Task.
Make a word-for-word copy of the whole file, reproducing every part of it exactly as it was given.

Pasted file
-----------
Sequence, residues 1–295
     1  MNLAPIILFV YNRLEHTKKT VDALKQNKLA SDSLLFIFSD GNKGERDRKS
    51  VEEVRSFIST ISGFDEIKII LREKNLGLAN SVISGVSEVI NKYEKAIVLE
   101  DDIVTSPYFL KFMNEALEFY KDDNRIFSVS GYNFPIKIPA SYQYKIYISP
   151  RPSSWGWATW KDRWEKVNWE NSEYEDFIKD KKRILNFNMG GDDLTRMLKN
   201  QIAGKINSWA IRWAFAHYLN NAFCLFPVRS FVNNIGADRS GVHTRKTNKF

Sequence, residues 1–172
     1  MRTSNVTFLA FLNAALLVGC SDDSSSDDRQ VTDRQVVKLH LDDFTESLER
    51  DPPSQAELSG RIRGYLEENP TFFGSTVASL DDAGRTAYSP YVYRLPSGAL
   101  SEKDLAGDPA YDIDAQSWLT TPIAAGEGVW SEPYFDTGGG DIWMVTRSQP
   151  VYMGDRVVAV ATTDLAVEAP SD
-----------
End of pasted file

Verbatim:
Sequence, residues 1–295
     1  MNLAPIILFV YNRLEHTKKT VDALKQNKLA SDSLLFIFSD GNKGERDRKS
    51  VEEVRSFIST ISGFDEIKII LREKNLGLAN SVISGVSEVI NKYEKAIVLE
   101  DDIVTSPYFL KFMNEALEFY KDDNRIFSVS GYNFPIKIPA SYQYKIYISP
   151  RPSSWGWATW KDRWEKVNWE NSEYEDFIKD KKRILNFNMG GDDLTRMLKN
   201  QIAGKINSWA IRWAFAHYLN NAFCLFPVRS FVNNIGADRS GVHTRKTNKF

Sequence, residues 1–172
     1  MRTSNVTFLA FLNAALLVGC SDDSSSDDRQ VTDRQVVKLH LDDFTESLER
    51  DPPSQAELSG RIRGYLEENP TFFGSTVASL DDAGRTAYSP YVYRLPSGAL
   101  SEKDLAGDPA YDIDAQSWLT TPIAAGEGVW SEPYFDTGGG DIWMVTRSQP
   151  VYMGDRVVAV ATTDLAVEAP SD